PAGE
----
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March 10, 2012
2 thanks

flash messages

In rails 3.1 the following does not work for me

redirect_to { :action=>'atom' }, :alert => "Something serious happened" 

Instead, you need to use the following syntax (wrap with parens)

redirect_to({ :action=>'atom' }, :alert => "Something serious happened")
March 5, 2012
0 thanks

Example of conditions using

f.e.

validates :number, :presence => { :if => :quota_file? }

def self.quota_file?
  quota_file?
end
March 5, 2012
0 thanks

won't refresh updated_at

This will not cause :updated_at column to refresh, while ActiveRecord::Base#increment! would.

February 23, 2012
0 thanks

Be careful with path vs. endpoint

URI.join uses a delimiter – forward slash (/) – to decide if joined strings are a path or endpoint. In order to include strings as part of the path, they must end with a forward slash (/). Otherwise, they are assumed to be an endpoint and are overritten by your new “endpoint”.

Used this way, it (kind of) makes sense:

1.9.2p290 :021 > URI.join("http://localhost/test","main.json")
 => #<URI::HTTP:0x007fa68e81c270 URL:http://localhost/main.json> 

1.9.2p290 :022 > URI.join("http://localhost/test/","main.json")
 => #<URI::HTTP:0x007fa68e80e0d0 URL:http://localhost/test/main.json> 

It is especially confusing when you pass 3 strings and the 3rd (your endpoint) overwrites the 2nd (which you expected to be part of the path).

1.9.2p290 :023 > URI.join("http://localhost/", "test", "main.json")
 => #<URI::HTTP:0x007fa68cec0ba0 URL:http://localhost/main.json> 

1.9.2p290 :024 > URI.join("http://localhost/", "test/", "main.json")
 => #<URI::HTTP:0x007fa68ce14c60 URL:http://localhost/test/main.json> 

Now, consider that you are probably using a variable for the string value of ‘test’.

1.9.2p290 :025 > controller = 'test'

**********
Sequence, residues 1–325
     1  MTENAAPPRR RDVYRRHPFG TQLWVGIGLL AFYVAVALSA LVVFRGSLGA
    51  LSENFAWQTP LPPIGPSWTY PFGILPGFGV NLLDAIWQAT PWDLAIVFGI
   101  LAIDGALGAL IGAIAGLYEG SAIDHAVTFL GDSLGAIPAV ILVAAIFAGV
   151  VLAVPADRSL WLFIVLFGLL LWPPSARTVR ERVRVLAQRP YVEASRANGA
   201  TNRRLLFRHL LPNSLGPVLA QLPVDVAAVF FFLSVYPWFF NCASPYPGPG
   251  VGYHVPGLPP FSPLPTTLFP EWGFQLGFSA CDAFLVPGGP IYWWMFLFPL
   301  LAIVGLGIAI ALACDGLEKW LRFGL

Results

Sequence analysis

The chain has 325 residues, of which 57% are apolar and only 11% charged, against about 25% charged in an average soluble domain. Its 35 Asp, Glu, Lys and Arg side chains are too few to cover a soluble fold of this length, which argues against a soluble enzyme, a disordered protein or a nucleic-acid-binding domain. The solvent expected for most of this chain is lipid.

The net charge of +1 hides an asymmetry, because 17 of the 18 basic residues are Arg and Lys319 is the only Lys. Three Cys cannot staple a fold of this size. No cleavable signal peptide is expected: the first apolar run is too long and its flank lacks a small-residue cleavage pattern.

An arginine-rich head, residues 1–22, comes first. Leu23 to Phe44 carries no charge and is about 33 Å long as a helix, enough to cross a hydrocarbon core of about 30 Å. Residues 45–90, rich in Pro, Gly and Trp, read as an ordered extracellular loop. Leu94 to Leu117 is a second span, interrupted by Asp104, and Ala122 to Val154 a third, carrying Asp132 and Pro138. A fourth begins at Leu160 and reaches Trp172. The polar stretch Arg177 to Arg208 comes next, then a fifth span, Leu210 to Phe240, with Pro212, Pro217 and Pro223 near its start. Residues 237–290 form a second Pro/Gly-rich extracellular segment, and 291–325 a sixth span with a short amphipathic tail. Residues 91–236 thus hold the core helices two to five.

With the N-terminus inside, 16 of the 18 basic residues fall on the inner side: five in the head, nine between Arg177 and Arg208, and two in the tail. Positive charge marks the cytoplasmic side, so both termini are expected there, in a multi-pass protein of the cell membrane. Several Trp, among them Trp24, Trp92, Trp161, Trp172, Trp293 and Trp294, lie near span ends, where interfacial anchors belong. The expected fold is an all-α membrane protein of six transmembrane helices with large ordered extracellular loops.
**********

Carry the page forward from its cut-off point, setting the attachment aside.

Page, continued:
1.9.2p290 :026 > URI.join("http://localhost/", controller, "main.json")
 => #<URI::HTTP:0x007fa68cec0ba0 URL:http://localhost/main.json> 

Your `controller` is simply ignored. Or rather, your endpoint(?) was overwritten.

I’m not sure what versions of ruby this affects. As you can see I am using 1.9.2p290.

February 20, 2012
0 thanks

How to user method 'from'

example

User.from('posts').to_sql
# => "SELECT `users`.* FROM posts"
February 20, 2012
0 thanks

How to user method from'

example

User.from('posts').to_sql
# => "SELECT `users`.* FROM posts"
February 15, 2012 - (<= v2.3.8)
0 thanks

@ssoroka and @drova and future readers

I guess these two have already found a solution, but future readers might have not. index and references do not map perfectly

change_table :foo do |t|
  t.references :bar
  t.index      :bar_id
end

references gets the model name while index gets the column name.

February 15, 2012 - (<= v2.3.8)
0 thanks

Not working in create_table

When using the index method within a create_table statement, it does not have any side effect - at least not in MySQL.

create_table :comment do |t|
  t.belongs_to :post

  t.timestamps

  # not working inside create_table !
  t.index :post_id
end

It is working properly in change_table though

change_table :comment do |t|
  t.belongs_to :user